America was not built on fear. America was built on courage, on
imagination and an unbeatable determination to do the job at hand,”
Harry S. Truman said in his Special Message to Congress, 1947. Although
President Truman was addressing the Nation's economic standing after
World War II, this idea of courage, imagination and unbeatable
determination would resonate through not only his presidency, but also
the future of America in the Cold War.

This is especially true in the
Federal Civil Defense Administration (FCDA). Established on January
12th, 1951, the FCDA set out to educate ordinary Americans about the
dangers of an Atomic bomb and the ways to mitigate the potential damages
through Alert America. In this new educational program, Alert America sought to counsel the effectiveness of how civil defense can help you survive.

Alert America Convoy Parade, Copley Square, Boston, Massachusetts (1953) by U.S. National ArchivesOriginal Source: National Archives Catalog

The Civil Defense "Alert America" campaign attempted to revolutionize public thinking about citizen's responsibilities and dangers of modern war. Built off the concept of the Freedom Train tour in 1947-1948, the Alert America Convoy paraded through Boston on February 21, 1953. At the head of the parade was a battery of troops from the 745th AAA Gun Battalion, Fort Banks. Here the parade is shown passing in front of the Boston Public Library, Copley Square. Three separate convoys, each with ten 30-foot trailers cover a route across urban and rural America.

“Alert America” Exhibition Packed for Transport (1952) by U.S. National ArchivesOriginal Source: National Archives Catalog

Alert America Exhibit started in New York City on March 13th, 1952 at the 7th Regiment Armory, 66th Street and Park Avenue. According to the New York Times, "Mayor Impellitteri had proclaimed Alert America Week, preliminary to the public opening of the defense exhibition at 10 AM." (2). These men are moving the exhibits from the Alert America Convoy into the 7th Regiment Armory (now the Park Avenue Armory).

Children viewing Alert America exhibit, "Civil Defense Where You Live" by U.S. National ArchivesOriginal Source: National Archives Catalog

On the opening week, school children and adults line up to enter the exhibit. All Alert America Exhibits were free admission! 46,724 people attended the Alert America Exhibit in New York (1).

Children Viewing the Alert America Exhibits, "Traffic Control," "Protection Against Incendiary Warfare," and "Protection Against Chemical Warfare" by U.S. National ArchivesU.S. National Archives

Alert America educated American citizens to be prepared against enemy attacks. These three panels shows Civil Defense workers in action to control the traffic, assist in fighting against incendiary and chemical warfare. Traffic control is helpful in allowing ambulance and fire trucks to arrive to their destination faster. While the American people has less impact in fighting against incendiary and chemical warfare, these panels illustrates the dangers that it poses, including the measures Civil Defense will take.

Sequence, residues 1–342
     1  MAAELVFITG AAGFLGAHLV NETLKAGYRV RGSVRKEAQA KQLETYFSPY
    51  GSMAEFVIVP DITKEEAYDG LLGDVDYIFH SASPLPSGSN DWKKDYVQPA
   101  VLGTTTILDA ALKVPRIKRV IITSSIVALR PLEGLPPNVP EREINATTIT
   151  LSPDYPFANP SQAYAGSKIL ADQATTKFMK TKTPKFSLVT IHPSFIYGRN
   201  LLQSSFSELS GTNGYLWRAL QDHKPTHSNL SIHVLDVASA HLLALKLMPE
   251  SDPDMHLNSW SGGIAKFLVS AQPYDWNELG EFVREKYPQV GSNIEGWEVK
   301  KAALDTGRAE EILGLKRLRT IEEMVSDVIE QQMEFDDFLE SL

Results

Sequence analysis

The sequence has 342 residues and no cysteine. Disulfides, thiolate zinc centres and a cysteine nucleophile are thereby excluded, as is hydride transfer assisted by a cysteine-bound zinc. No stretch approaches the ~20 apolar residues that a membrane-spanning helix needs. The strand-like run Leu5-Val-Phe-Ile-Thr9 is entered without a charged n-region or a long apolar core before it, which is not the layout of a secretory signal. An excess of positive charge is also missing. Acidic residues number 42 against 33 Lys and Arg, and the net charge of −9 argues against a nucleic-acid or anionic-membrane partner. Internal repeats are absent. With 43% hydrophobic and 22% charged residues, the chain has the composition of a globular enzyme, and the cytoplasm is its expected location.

Alert America Exhibit, "Basic Services Manned by Volunteers" by U.S. National ArchivesU.S. National Archives

Posters of the Past

The Alert America Exhibit informed the public about the destructive capabilities of an atomic bomb. These posters promoted and educated the American people about how the Civil Defense will help against such an attack. Through these educational efforts, the Civil Defense offers measures for preparation and response in the case of an emergency. According to the FCDA 1952 annual report, it claims that "a survey [of] civil defense activities in 1,468 schools across the Nation indicated almost 90 percent of elementary and secondary schools had civil defense education programs in operation" (3).

Alert America Exhibits, "Civil Defense Where You Live," "Civil Defense Where You Work," and "Rescue and First Aid" by U.S. National ArchivesU.S. National Archives

The film "Our City Must Fight", one of the original films produced by the FCDA in 1951, describes a message to the public discouraging evacuation. This film argues that evacuation would create greater chaos, and encourages citizens "to stay and fight" for their city. These panels show the capacities of the Civil Defense in preparing ordinary citizens in their home life and workplace. (4. Clip used. "Our City Must Fight")

Mr. Civil Defense by Al Capp, Federal Civil Defense Administration, and U.S. National ArchivesOriginal Source: National Archives Catalog